The Wisdom of Crowds

The science of crowd-sourcing, the herd mentality, and groupthink.

Would You Have Done it Better? Four Ways to Tell

It's good everyone's got an opinion, but why are some people so certain?

This week North Adams Regional Hospital closed. Unless things change, health and safety in my area will suffer. Everyone thinks this was a bad outcome, including the people who decided to close the hospital. To a lot of people it was obviously a bad decision. We have no hospital. What more do you need to know? Fire the bastards!

It is a bad outcome, but was it a bad decision? They’re different. Good decisions can lead to bad outcomes. (Sometimes bad decisions lead to good outcomes, too, like betting the family car at the craps table—a bonehead move even if you happen to win.)

It bothers me when people assume they would have made a better decision just because they don’t like the outcome. It's good everyone's got an opinion, but why are some people so certain?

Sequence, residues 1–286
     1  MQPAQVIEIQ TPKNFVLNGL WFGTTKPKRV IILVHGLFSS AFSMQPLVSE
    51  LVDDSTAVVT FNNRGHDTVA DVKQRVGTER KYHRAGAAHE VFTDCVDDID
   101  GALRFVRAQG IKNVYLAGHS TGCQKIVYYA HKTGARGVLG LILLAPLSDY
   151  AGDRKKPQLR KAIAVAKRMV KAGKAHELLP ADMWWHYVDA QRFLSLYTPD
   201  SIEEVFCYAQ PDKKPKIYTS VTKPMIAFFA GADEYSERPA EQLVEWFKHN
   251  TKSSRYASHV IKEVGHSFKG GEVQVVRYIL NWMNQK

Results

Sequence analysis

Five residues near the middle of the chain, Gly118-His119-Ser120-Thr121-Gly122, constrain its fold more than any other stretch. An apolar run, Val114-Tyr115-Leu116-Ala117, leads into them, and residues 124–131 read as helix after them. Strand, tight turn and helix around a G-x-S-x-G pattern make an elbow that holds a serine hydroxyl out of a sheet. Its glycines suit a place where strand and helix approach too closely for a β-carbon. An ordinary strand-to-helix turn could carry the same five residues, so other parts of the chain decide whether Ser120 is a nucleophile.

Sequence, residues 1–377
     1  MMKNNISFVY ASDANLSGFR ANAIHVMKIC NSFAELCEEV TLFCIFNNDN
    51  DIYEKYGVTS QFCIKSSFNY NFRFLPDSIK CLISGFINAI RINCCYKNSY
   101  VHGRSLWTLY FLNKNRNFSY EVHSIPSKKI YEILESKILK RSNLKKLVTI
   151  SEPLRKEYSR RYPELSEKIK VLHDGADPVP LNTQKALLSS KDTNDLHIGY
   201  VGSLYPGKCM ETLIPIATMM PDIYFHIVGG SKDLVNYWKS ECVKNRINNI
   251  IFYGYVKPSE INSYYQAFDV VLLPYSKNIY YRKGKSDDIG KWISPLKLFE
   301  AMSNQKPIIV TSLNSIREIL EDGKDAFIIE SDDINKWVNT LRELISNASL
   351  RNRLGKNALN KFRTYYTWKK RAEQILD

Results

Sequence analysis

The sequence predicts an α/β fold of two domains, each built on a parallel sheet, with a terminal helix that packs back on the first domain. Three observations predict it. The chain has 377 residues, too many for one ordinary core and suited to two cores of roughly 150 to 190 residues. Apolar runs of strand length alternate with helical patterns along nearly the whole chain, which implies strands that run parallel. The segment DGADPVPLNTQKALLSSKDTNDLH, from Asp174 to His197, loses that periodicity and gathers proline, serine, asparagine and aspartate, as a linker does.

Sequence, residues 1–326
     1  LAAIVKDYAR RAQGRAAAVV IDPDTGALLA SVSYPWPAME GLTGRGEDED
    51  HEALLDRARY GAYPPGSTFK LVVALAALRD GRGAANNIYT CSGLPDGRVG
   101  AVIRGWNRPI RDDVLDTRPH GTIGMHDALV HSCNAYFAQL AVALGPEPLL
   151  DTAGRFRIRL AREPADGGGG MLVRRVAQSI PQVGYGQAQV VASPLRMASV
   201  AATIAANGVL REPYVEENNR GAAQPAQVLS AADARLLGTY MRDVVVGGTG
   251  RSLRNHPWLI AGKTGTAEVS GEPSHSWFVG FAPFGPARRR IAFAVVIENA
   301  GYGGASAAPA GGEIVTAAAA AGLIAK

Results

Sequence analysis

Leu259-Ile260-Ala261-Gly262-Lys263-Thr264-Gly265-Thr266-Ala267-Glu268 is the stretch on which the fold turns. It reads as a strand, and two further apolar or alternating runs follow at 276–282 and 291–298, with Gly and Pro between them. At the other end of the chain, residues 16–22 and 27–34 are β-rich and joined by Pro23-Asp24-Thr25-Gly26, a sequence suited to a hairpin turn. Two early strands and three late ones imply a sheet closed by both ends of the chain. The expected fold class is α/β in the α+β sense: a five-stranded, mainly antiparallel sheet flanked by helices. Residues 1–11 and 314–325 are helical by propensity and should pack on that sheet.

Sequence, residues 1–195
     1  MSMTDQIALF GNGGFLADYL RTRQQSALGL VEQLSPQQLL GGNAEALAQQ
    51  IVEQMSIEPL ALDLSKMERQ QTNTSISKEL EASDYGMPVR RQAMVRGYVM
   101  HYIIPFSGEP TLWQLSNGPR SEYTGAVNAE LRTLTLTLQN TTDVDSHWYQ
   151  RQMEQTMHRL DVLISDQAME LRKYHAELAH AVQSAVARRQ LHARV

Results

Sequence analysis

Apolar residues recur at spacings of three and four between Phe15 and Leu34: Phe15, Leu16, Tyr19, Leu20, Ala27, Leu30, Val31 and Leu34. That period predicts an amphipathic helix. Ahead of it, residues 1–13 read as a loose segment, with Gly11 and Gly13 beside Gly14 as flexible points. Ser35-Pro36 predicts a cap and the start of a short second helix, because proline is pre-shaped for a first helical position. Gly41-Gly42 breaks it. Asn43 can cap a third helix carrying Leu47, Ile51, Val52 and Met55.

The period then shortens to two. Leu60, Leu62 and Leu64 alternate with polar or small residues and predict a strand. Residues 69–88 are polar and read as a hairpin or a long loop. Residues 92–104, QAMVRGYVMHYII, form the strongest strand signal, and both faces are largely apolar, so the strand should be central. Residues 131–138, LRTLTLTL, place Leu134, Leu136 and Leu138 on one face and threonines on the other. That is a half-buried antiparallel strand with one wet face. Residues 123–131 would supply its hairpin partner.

Here are some good reasons to believe you would have made a better decision, or done a better job, than someone else:

  • You have more information.
  • You have more expertise with this particular kind of decision.
  • You are smarter.
  • Your motivations are more pure.

In the case of the hospital closing, a group of experts, who are smart people, have privileged access to a ton of complex information. It’s possible that their motives were impure. From what I’ve read, I doubt it. The real problem seems to be inadequate governmental support for small hospitals. But I won’t pretend to know and that’s the point—I don’t know. (I would have a better idea if they were a little more forthcoming, however.)

If you want to criticize someone else’s decision, go for it. But don’t start from the premise that if the outcome is bad, the decision was bad. Or that everyone is stupid except you.

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